Identifying Malicious Scripts by User Agent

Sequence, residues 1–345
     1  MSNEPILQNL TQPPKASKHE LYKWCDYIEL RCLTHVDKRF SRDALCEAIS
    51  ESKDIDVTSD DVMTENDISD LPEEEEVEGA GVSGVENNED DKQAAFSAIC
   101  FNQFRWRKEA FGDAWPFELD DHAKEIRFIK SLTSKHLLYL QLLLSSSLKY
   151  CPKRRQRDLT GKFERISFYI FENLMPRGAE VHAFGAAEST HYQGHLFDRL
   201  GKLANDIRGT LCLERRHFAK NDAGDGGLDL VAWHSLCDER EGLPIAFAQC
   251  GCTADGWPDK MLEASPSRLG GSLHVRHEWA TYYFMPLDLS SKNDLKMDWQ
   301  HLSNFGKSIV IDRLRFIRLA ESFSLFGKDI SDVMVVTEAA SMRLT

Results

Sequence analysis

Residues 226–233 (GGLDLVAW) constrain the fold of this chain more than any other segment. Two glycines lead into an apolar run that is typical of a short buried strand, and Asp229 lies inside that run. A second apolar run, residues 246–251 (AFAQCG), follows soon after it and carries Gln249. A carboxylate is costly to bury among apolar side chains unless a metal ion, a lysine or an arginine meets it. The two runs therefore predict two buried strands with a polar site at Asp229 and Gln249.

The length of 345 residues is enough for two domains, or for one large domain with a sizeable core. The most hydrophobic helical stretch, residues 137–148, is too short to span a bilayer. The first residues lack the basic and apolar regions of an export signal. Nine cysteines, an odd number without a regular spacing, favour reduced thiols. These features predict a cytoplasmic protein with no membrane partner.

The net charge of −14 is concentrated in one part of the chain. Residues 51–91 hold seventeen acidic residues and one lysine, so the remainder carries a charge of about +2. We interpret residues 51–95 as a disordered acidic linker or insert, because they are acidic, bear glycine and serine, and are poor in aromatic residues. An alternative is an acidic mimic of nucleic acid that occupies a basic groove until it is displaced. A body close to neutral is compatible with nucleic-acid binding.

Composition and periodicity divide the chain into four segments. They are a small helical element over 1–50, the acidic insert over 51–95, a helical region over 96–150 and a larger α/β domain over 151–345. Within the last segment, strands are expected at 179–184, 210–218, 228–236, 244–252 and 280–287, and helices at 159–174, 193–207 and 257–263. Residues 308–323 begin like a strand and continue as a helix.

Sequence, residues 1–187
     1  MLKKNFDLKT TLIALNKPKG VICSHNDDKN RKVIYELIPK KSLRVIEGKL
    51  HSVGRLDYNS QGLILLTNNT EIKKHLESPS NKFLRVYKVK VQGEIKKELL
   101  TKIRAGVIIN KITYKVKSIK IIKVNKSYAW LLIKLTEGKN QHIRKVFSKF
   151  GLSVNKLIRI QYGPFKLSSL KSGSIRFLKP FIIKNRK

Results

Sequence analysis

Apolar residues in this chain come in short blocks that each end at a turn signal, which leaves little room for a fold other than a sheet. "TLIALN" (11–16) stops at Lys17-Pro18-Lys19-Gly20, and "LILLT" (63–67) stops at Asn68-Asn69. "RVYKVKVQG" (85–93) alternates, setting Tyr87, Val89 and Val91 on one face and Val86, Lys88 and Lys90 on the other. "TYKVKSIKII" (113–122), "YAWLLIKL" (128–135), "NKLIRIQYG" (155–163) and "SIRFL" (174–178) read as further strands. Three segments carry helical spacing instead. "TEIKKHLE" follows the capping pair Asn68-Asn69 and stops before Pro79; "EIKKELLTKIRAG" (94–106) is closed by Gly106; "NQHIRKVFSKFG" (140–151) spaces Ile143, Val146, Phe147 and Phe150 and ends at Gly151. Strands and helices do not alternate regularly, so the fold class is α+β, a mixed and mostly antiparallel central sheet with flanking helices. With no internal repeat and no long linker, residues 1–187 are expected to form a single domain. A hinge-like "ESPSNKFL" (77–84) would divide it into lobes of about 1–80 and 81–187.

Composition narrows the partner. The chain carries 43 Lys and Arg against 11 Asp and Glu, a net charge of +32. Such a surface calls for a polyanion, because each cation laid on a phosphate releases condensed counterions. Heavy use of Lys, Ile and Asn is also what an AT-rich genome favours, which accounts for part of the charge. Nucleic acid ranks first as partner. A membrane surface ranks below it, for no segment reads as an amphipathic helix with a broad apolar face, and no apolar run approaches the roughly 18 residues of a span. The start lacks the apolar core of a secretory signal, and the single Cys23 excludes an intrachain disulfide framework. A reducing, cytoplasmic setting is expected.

24 March 2011I noticed an interesting phenomena today while reviewing my web server logs. I track requests to URL's that include patterns indicative of directory traversal attacks. The most common of these is an attempt to include the file "/proc/self/environ" which can be used for a remote code execution attack (as described in When is LFI Really ACE?). Most of these hits are probably automated scripts that are trolling around the internet, looking for servers vulnerable to specific exploits. For instance, they could be searching for Joomla installations with modules enabled that present security issues. My suspicions were confirmed as soon as I began to look through a database I set up to collect information from my web server logs. I've been collecting data from March 9, 2011 to the present (March 24, 2011) - a total of 16 days, or just over two weeks. In terms of internet traffic this isn't a good sample size, but even with this small snapshot trends begin to emerge. As with all good honeypots, this data collection is really useful for determining attacker trends rather than as an intrusion prevention system. In the 16 days of data collection I tracked 728 potentially malicious requests. I tracked the URL requested, the date and time, the IP of the potential attacker, and the browser user agent. Of the 728 requests, 32% were made from browser user agents that identified themselves as "libwww-perl". Libwww-perl is the user agent designation that is applied when the access is made using the Perl LWP library (http://search.cpan.org/dist/libwww-perl/). This indicates that a good chunk of the potentially malicious requests are actually Perl scripts. Notably, there aren't even particularly sneaky scripts, as it's quite easy to change the default user agent of LWP from "libwww-perl" to whatever the programmer wishes (Ref: http://search.cpan.org/dist/libwww-perl/lib/LWP/UserAgent.pm). Given this data it might be useful for site administrators to review their traffic logs and simply deny requests from any client that identifies itself as "libwww-perl". This is certainly not a foolproof method for safety, but it will offer significant defense against the types of automated attacker scripts that search for known vulnerabilities in web servers. Such a defense will certainly not stop a determined attacker, or even a competent malware programmer, it will stop the legions of automated bots trolling the internet. The only potential downside to such a strategy would be a denial of service to legitimate users who are utilizing Perl's LWP library to access resources. It is my suspicion though that such a situation is likely rare.